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New Celebrex Warning Raises Concerns Of FDA's Effectiveness


MILES O'BRIEN, CNN ANCHOR: Good evening. Aaron is off tonight. I'm Miles O'Brien.

Another drug that seemed to be a wonder once again has us wondering. Celebrex, the wildly popular pill that promised relief from chronic pain without serious side effects may, in fact, be a risk doctors and patients don't want to take.

And, while the company that makes the drug, Pfizer, is not pulling it off the market, it is sounding a serious warning, serious as a heart attack. If it sounds familiar, it is. Celebrex is a chemical cousin of Vioxx, withdrawn from the market a few months ago, amid similar concerns.

Some big questions lingering tonight why did Pfizer issue this warning? What does it mean for the future of the drug and for the company for that matter? And what about the 27 million Celebrex users out there what is next for them?

We have several reports. We begin with CNN's Elizabeth Cohen.

ELIZABETH COHEN, CNN MEDICAL CORRESPONDENT: It's been one of the best selling drugs in history but today a bombshell. A government study says people taking Celebrex are two and a half times more likely to have a heart attack or stroke.

The study, which has not been made public, came from the National Cancer Institute. It was investigating whether Celebrex might help prevent cancer. Now, the researchers have stopped using Celebrex in the study.

And, the Food and Drug Administration is telling doctors to consider alternative pain relievers for their patients. And, if a doctor determines the benefits of the drug are worth the risk, the doctor should prescribe the lowest effective dose.

Now many are wondering why did it take nearly five years to notice that this blockbuster drug, which has been used by 27 million Americans, could cause heart attacks? Dr. David Graham is the Food and Drug Administration's safety expert who blew the whistle on a similar drug, Vioxx. He says the system has completely broken down.

DR. DAVID GRAHAM, FDA WHISTLEBLOWER: FDA is incapable of protecting the United States against unsafe medicines.

COHEN: He says the FDA should have been monitoring Celebrex more closely since experts knew even before the drug went on the market it could possibly cause heart problems.

GRAHAM: I think the American people need to ask what's wrong with FDA? Why does it not take seriously the issue of safety?

COHEN: When Vioxx, which is in the same family as Celebrex, was shown to have a similar risk, it was pulled off the market, so does that mean the FDA wants Celebrex off the market too? The agency says no. They want to study the data further and that safety problems are inevitable.

DR. LESTER CRAWFORD, FDA ACTING COMMISSIONER: We can never be failsafe, though, because we're dealing with products that are very difficult to evaluate but we have to continue to refine and improve based on the science that we have in hand. We're far better at it than we used to be but we need to be better in the future.

COHEN: But critics of the FDA say drugs aren't so difficult to evaluate and that the agency should require drug companies to study how the drug works in more people for longer periods of time before allowing it on the market. Pfizer defended its drug Friday saying its own study showed no heart or stroke problems.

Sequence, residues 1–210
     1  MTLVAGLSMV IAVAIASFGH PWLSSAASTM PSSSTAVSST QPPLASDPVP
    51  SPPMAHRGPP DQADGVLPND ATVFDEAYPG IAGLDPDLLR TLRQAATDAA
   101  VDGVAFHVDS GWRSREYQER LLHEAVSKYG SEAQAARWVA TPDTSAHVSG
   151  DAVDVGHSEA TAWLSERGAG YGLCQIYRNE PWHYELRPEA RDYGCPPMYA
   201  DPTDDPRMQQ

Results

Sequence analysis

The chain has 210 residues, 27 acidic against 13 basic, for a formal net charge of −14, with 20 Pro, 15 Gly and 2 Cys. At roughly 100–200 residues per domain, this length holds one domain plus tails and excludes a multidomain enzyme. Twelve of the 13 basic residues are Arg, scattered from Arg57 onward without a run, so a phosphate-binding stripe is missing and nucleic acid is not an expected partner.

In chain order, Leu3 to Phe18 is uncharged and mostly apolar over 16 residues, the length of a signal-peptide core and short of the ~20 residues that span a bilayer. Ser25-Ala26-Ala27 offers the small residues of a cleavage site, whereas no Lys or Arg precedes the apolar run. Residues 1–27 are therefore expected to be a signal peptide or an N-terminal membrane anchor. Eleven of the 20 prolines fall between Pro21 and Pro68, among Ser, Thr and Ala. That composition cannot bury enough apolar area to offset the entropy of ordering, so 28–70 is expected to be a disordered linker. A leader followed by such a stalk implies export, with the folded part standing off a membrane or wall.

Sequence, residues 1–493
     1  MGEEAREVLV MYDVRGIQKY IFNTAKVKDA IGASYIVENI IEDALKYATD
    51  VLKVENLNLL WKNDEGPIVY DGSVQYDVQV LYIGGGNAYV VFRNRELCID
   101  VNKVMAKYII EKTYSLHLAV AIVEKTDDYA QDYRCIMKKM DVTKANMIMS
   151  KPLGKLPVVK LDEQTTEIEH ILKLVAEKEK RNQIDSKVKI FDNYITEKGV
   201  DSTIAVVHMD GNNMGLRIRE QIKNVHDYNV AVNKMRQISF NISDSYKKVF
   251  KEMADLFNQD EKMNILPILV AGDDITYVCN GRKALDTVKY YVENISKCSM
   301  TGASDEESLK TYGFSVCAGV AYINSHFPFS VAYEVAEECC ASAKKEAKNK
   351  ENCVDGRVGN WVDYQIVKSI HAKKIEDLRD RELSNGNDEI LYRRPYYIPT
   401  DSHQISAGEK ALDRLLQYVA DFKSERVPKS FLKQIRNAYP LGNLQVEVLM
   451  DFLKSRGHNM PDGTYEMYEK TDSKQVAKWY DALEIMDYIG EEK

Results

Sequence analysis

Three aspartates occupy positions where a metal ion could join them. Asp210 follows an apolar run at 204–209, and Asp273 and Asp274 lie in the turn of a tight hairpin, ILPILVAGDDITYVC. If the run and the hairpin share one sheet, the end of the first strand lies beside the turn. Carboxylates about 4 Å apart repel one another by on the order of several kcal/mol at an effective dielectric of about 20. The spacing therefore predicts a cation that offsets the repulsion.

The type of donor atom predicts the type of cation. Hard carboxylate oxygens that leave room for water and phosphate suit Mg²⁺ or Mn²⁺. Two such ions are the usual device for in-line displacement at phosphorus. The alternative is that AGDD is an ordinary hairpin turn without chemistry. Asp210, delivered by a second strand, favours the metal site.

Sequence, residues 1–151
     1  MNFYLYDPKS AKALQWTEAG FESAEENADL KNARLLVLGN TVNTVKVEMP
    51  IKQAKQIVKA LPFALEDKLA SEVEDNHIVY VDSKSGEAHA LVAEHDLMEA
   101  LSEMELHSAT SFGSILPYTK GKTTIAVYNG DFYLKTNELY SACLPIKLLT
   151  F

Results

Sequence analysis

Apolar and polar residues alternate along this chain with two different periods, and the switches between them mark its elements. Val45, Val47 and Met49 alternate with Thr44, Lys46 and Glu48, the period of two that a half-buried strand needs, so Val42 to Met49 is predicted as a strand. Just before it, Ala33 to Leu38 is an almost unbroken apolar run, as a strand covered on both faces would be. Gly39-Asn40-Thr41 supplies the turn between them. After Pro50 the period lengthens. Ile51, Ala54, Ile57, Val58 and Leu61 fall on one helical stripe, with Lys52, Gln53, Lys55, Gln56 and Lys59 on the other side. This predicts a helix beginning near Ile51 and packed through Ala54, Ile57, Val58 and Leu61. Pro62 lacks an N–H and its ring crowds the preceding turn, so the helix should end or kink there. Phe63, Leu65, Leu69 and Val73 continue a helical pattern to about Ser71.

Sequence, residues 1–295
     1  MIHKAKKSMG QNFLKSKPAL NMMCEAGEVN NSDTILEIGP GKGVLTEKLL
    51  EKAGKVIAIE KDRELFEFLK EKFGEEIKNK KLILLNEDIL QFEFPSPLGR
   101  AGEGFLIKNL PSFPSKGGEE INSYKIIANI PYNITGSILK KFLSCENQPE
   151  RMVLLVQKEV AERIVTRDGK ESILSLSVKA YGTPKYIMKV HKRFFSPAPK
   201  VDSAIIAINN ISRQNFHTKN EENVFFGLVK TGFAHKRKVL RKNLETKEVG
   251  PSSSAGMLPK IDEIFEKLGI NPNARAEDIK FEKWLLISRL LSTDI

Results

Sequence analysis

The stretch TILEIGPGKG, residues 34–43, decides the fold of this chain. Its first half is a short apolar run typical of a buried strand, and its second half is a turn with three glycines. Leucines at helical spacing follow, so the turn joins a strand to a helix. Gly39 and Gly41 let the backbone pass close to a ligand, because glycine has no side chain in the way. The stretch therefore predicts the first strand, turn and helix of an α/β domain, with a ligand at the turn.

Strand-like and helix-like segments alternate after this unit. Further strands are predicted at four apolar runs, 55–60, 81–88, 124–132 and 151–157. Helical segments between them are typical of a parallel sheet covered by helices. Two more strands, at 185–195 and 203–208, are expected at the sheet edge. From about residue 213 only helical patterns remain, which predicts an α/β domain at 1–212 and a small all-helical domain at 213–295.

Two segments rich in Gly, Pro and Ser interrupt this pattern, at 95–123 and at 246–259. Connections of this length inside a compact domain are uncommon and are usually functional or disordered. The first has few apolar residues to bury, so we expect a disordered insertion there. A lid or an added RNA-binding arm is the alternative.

HANK MCKINNELL, CHAIRMAN, CEO, PFIZER, INC.: We do know from a wealth of other information, some from FDA studies, some from our studies, some from others, that Celebrex when taken as recommended at the doses recommended is safe and effective.

COHEN: The dose patients took in the study, the dose that put them at an increased risk for heart attack and stroke, is a dose recommended by Pfizer, 400mg a day. Now many will be watching Pfizer to see if it takes Celebrex off the market or if perhaps, the FDA pressures it to do so.

O'BRIEN: Celebrex is not the only drug of this type in Pfizer's portfolio. Its sister drug Bextra, which makes millions for the company, is also under fire. Earlier this month, Pfizer added what's called a black box warning to Bextra's label, the most serious type of warning the FDA can demand.

Today, an editorial in the New England Journal of Medicine took an unusual step warning doctors not to prescribe Bextra, saying it's too dangerous. Now the warning on Celebrex had left patients with and their doctors in a terrible bind.

JASON CARROLL, CNN CORRESPONDENT (voice-over): For the past year, Neela Rastogi-Shapiro has had to walk slowly on lunch breaks ever since she hurt her knee from overdoing it in the gym. As recently as Thursday, she took Celebrex, not anymore.

NEELA RASTOGI-SHAPIRO, CELEBREX USER: I'm in my 30s. I shouldn't be worried about heart problems and cardiovascular problems. I'm too young for this. I only have knee problems.

CARROLL: Shapiro started out taking Vioxx but that painkiller upset her stomach so her doctor suggested Celebrex. That was weeks before Vioxx was pulled for its risk of causing heart attacks and strokes. Now there may be risks associated with Celebrex. Shapiro wonders what to do now.


CARROLL: Rheumatologist Gary Meredith is Shapiro's doctor.

MEREDITH: I think people are going to ask is it safe to continue to take it. What we'll probably try to do is see if we can minimize the dose or possibly substitute another medication for those that are at high risk.

CARROLL: Dr. Meredith says as late as Thursday he spoke with representatives from Pfizer, the company that manufactures Celebrex. He says that company rep made no mention of any potential problems.

SHAPIRO: My pain comes and goes.

CARROLL: Now, Shapiro says she's going to look at other options.

SHAPIRO: At this point, I want to experiment on other alternatives, natural remedies, homeopathic remedies, holistic medicine or maybe not take anything.

CARROLL: Medical experts say people taking Celebrex should meet with their doctors and, if there's a history of heart disease, weigh the risks versus the benefits of staying on Celebrex.

O'BRIEN: Vioxx, Celebrex and Bextra belong to one of the most widely marketed and most widely prescribed groups of drugs on the market. The business of killing pain is a very big business indeed. Just Celebrex alone brings in $2.3 billion a year in revenue for Pfizer. The lessons of Merck, which stands accused of withholding damaging data on Vioxx, weigh heavily here.

Here's CNN's Allan Chernoff.